Home News Controversy surrounding authorship of prize-winning play

Controversy surrounding authorship of prize-winning play

Anne Manter James alleges she is the co-author of the play Search and Rescue, for which Daniel Wade won the Eamon Keane Full Length Play Award

Anne Manter James has alleged on Twitter that Daniel Wade, who is published by Temple Dark Books, removed her name as co-author from the play Search and Rescue, and submitted the work as his alone for the competition, run by Listowel Writers’ Week and judged by Billy Roche

Daniel Wade was awarded the first prize of €1000 for the play.

“Crafting Search and Rescue as a retelling of the ancient Epic of Gilgamesh was my idea,” alleges James on Twitter, “I studied it under Professor Herbert Mason at Boston University and his excellent, moving translation of Gilgamesh was the text that we consulted while writing.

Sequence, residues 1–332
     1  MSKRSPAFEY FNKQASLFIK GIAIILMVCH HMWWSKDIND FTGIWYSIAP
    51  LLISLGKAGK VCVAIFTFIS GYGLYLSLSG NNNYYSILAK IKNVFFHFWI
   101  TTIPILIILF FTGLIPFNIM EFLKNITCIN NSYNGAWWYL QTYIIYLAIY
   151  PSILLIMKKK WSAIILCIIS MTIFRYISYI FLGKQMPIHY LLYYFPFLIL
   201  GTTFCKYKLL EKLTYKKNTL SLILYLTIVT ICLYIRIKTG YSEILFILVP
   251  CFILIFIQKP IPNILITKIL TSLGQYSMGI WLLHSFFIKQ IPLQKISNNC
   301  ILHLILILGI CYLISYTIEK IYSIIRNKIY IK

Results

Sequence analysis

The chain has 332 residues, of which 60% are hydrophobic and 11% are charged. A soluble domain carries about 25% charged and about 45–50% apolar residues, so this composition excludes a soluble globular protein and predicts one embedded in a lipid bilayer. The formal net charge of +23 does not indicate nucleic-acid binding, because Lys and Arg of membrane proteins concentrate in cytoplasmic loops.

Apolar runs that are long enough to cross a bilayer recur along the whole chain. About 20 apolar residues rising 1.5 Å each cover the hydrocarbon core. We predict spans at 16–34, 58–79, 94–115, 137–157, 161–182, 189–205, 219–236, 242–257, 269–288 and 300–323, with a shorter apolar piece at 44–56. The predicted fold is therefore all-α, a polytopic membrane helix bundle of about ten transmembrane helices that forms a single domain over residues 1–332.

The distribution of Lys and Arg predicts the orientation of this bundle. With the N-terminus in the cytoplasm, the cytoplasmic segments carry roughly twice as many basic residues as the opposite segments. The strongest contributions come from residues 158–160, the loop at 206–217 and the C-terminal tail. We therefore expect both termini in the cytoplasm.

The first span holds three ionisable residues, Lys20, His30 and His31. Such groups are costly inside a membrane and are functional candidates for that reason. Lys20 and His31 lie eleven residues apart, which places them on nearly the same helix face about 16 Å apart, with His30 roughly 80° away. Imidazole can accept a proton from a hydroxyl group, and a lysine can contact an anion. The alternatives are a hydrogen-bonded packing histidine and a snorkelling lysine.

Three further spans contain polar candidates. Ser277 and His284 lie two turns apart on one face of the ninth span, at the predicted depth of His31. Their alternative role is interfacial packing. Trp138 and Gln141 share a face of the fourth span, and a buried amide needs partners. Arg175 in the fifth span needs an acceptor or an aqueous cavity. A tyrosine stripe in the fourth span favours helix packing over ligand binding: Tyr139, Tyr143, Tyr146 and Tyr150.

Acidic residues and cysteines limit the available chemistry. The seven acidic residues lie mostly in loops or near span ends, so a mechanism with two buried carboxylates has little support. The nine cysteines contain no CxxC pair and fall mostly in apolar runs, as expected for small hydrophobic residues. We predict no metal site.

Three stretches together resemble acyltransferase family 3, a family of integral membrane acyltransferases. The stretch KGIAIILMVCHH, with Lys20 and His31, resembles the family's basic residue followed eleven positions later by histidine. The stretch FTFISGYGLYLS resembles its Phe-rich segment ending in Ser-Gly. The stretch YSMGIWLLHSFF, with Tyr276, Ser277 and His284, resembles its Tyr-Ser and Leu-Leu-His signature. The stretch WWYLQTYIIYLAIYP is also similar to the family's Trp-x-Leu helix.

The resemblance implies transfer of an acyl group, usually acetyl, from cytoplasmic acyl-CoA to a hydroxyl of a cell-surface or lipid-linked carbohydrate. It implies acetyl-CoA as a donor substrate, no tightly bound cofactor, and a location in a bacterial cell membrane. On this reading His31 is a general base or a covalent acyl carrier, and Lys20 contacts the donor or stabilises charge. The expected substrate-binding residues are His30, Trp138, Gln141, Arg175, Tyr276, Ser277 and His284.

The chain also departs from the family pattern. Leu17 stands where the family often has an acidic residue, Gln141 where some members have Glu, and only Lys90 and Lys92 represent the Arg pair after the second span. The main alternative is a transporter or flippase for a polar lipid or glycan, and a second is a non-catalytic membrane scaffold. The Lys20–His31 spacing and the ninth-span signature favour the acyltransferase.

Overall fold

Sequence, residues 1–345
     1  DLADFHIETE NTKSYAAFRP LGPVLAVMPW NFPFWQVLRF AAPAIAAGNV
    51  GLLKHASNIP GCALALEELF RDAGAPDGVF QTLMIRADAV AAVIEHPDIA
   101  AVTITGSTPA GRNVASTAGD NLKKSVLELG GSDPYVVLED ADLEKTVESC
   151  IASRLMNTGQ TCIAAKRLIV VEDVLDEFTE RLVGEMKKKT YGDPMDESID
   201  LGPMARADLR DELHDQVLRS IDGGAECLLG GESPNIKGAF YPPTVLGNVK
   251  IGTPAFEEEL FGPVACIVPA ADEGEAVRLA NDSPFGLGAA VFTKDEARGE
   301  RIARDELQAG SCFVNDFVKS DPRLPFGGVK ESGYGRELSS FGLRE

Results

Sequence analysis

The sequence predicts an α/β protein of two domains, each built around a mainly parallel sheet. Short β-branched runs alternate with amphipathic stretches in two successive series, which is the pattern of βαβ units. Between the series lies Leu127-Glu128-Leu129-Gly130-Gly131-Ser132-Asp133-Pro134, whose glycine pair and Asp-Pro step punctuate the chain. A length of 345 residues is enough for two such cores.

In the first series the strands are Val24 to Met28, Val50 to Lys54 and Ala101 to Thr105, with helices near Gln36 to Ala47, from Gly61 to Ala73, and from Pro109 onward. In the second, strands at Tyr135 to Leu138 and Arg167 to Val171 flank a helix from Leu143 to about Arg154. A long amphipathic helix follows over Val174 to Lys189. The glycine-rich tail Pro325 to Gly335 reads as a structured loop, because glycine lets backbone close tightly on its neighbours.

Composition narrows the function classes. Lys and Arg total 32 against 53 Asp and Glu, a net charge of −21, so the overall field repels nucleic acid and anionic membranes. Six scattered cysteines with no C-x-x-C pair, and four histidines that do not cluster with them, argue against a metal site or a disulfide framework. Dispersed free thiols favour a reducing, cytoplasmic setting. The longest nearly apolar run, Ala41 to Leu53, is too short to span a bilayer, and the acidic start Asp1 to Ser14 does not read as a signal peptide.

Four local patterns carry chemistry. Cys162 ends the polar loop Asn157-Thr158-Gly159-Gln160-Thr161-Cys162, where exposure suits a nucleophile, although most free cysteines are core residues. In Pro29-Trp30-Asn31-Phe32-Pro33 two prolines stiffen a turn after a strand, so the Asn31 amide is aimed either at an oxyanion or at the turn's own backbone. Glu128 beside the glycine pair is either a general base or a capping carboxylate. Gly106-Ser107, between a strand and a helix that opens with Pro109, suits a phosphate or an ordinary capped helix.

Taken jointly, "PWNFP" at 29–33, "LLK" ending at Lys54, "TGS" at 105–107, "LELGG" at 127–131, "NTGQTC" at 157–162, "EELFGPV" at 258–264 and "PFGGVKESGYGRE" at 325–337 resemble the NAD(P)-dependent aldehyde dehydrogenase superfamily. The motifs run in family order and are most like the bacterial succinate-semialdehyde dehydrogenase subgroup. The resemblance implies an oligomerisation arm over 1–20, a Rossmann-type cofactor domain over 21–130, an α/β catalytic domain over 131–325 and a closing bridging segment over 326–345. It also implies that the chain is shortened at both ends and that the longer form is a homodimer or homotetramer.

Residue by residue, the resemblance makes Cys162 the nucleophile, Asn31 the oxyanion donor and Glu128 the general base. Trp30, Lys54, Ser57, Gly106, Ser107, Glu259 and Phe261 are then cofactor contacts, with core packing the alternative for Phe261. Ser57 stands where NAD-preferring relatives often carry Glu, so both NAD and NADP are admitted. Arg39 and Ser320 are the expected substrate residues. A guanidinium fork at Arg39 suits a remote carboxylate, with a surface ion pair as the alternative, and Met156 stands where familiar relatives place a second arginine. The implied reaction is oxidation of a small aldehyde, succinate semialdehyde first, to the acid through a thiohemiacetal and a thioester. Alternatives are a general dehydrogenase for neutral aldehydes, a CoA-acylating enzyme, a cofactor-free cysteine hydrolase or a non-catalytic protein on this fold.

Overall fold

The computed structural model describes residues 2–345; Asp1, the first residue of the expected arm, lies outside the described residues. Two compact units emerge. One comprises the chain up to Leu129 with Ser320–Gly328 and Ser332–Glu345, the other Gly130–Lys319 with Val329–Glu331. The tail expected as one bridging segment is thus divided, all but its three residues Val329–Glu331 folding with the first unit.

“We were so far along with writing Search and Rescue that I was booking rehearsal space at Dublin Fringe LAB, so that we could physically block out scenes and do revisions to the script together.”

Source: Twitter account of Ms. James posted on 30th August, 2022.

In a Twitter thread, published by James on 30th August 2022, James alleges that she has proof of a shared, time-stamped Google doc as evidence of her collaboration on the play.

The controversy raises some interesting questions not just about the issue of co-authorship, but also with regard to how competitions—or publishers for that matter—can ever fully know the background to a piece of work.

In a response on Twitter to the allegations, Daniel Wade said he would be seeking legal advice and had nothing further to say about the matter:

“I am responding to libellous allegations made on this platform regarding my play Search and Rescue. The author of these tweets claims to have co-authored this play with me. There is no factual basis to these allegations and I firmly deny these defamatory claims.”

He went on to say he was seeking further legal advice.

Daniel Wade and Anne Manter James have not yet responded to Books Ireland’s invitation to comment.